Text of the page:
Apart from the cost, there is a real threat to the health of elderly customers who are too scared to turn on their heating. It is feared the cold temperatures, which exacerbate many underlying health problems, could contribute to some 60,000 deaths.

The National Pensioners’ Convention said: ‘We know that energy firms are quick to put up prices yet very slow to bring in the reductions.

‘Energy companies, particularly in this cold winter, will be making huge profits out of very vulnerable customers. That raises the serious question as to whether they should pay money back through a windfall tax to fund things like home insulation.’

The Local Government Association has argued the need to raise an extra £500million a year for ten years from both oil and gas firms to fund a massive home insulation scheme.

Christine McGourty, director of Energy UK, which represents the major gas and electricity suppliers, rejected allegations of profiteering and advised anyone struggling with bills to contact the supplier for help.

She said much of the gas being used this winter was bought up to two years ago, when wholesale prices were higher.

Factories’ Gas Cut Off As Demand Soars

(Telegraph) – FACTORIES AND POWER STATIONS have started to have their gas turned off as Britain begins to run out amid the prolonged Arctic weather conditions.

The National Grid has withdrawn supplies to 94 “very large” gas customers across England, 55 in the East Midlands and 39 in the North West.

It is the first time in 11 years that gas supplies have been cut, and came as gas demand was expected to reach a record high of 454 million cubic metres on Thursday.

All the customers, which the National Grid said include “steelworks, power stations and very large factories”, are on what are known as interruptible contracts.

This means that in return for discounted gas they accept that their supplies can be temporarily cut off during periods of high demand.

A National Grid spokesman said the last time interruptible contracts were invoked was 1999.

She said many customers on interruptible contracts had backup generators, but those without them would have to shut down.

They also had the option of continuing their supply if they paid a financial penalty.

The National Grid asked gas suppliers to cut the 94 customers off on Tuesday and the disconnection will last until demand falls.

With little sign of any change in the weather soon, reconnection could be weeks away.

Maintaining domestic gas supplies was a “top priority”, the spokesman stressed.

Earlier this week the Conservatives claimed that Britain had only eight days’ gas supplies left, based on current usage.

And on Thursday the National Grid issued its second gas alert in four days amid freezing temperatures nationwide.

Britain has poor gas storage capacity: only 15 days’ worth when full, compared to more than four times that in France and Germany.

While imports will plug the gap, they are more expensive and analysts have warned they could lead to higher bills.

Already the average annual energy bill stands at £1,239 according to, a price comparison site.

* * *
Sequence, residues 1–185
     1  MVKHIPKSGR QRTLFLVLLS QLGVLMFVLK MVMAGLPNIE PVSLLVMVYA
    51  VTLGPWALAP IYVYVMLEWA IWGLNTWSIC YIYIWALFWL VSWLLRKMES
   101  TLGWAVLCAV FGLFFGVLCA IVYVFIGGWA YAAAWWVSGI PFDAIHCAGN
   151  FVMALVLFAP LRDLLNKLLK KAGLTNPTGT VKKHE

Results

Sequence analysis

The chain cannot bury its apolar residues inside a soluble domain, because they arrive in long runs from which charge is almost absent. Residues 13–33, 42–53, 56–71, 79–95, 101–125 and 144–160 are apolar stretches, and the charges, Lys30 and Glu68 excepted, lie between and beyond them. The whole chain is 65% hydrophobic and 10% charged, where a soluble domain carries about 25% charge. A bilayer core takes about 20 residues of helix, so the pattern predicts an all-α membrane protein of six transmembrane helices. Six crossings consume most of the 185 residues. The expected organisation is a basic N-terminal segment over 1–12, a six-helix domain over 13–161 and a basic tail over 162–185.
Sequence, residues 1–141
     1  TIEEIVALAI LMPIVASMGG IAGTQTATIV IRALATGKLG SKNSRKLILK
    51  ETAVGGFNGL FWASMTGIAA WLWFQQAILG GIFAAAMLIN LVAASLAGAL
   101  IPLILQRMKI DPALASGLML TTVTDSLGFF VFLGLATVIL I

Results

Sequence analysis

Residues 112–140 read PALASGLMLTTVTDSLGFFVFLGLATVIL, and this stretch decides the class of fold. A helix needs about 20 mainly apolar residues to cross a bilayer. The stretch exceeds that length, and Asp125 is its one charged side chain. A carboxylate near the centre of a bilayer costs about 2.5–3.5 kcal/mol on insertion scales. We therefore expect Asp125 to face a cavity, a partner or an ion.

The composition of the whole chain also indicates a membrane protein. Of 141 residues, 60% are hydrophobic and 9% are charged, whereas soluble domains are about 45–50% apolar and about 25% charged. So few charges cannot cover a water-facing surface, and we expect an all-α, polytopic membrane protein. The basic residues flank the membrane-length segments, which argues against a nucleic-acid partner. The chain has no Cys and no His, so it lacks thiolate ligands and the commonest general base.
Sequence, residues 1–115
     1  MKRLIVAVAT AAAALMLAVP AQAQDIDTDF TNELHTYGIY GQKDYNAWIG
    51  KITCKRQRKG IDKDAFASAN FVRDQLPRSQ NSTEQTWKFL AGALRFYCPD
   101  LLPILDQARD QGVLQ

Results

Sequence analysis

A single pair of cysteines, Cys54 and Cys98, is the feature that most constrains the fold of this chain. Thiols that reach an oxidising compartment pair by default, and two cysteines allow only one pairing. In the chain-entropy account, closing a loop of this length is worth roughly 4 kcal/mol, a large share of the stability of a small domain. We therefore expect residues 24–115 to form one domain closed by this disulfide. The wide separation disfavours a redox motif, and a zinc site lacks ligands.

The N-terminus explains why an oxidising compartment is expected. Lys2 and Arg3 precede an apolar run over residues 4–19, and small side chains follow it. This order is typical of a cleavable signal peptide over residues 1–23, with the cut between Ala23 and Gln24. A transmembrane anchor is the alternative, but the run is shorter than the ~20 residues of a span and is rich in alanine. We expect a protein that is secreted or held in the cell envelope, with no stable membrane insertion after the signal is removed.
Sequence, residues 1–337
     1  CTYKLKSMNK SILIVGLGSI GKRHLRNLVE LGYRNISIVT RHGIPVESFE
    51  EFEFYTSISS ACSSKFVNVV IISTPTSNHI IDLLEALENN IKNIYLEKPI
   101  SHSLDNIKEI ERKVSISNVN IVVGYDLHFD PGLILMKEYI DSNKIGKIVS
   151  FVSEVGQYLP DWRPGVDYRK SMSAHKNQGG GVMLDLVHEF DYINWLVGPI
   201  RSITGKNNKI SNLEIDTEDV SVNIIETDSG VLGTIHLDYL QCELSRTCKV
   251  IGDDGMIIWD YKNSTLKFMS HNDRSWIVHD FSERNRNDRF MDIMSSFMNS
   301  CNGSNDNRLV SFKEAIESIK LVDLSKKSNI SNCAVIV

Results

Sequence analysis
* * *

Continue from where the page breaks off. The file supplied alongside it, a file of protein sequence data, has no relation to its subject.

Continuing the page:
David Hunter, of McKinnon and Clarke, an energy consultancy, has said the “uncomfortably tight” gas situation “might give the energy companies the excuse they need to increase prices.”

Consumers Face Hike In Energy Bills

(Reuters) – CONSUMERS COULD SEE THEIR ENERGY BILLS rise by up to a quarter over the next 10 years as Britain faces a requirement to invest £200 billion to secure supplies and meet climate change targets.

Energy regulator Ofgem said today the investment would be needed to pay for new power plants and other infrastructure.

‘Given the massive levels of investment needed, there is a high likelihood of rising consumer bills, especially if oil and gas prices continue their underlying rise since 2003,’ Ofgem said following a review of Britain’s energy supplies.

The regulator said customers could face increases in domestic energy bills of between 14% and 25% by 2020, while wholesale price spikes could lead to temporary increases in bills of up to 60% in the interim period.

Ofgem said Britain faces a number of challenges to its gas and electricity supplies over the next ten to fifteen years including power stations nearing the ends of their lives and an increasing need to import gas via volatile global markets.

‘These are big challenges. Britain faces a tough challenge in maintaining secure supplies whilst at the same time meeting its climate change targets,’ said Ofgem chief executive Alistair Buchanan.

Shadow Energy Secretary Greg Clark said the country faces a combination of price rises and worries that power supplies are going to be interrupted.

‘It’s yet another piece of evidence that we face a real problem here. It’s really a horror show,’ he said.

Britain’s main gas and electricity suppliers are Centrica, EDF, E.ON, RWE, Iberdrola’s Scottish Power, and Scottish & Southern Energy.

Ofgem said it will put forward proposals in the new year on how the industry can meet the challenges following a consultation period.

Ofgem Forces Clarity On Direct Debits

(Reuters) – OFGEM WILL INTRODUCE new conditions on utilities to ensure direct debit payments are accurately set and explained to customers, the energy regulator said today.

Ofgem produced a study in March which found energy companies were inadequately explaining increased charges to its customers.

‘The proposed licence condition will help give customers peace of mind that the amount they are being asked to pay is based on their likely energy use,’ chief executive Alistair Buchanan said in a statement.

Ofgem said the new measures, expected to be in place by winter 2009, will also make companies explain why they were holding onto credit surpluses built up by customers.

In a separate move, Ofgem confirmed it will ban unjustified price difference for customers using pre-payment metres or off the gas grid from September 1st.

The practice was highlighted in Ofgem’s retail probe last year. Energy suppliers have already removed £300 million of unfair price premiums, the regulator said.

Ofgem was also in the final consultation stage of other measures stemming from the retail probe, that could include tougher rules on doorstep sales and a new annual report on energy use and cost for customers.

Britain’s biggest energy suppliers are British Gas owner Centrica, ScottishPower, RWE npower, EON UK, Scottish and Southern Energy and EDF Energy.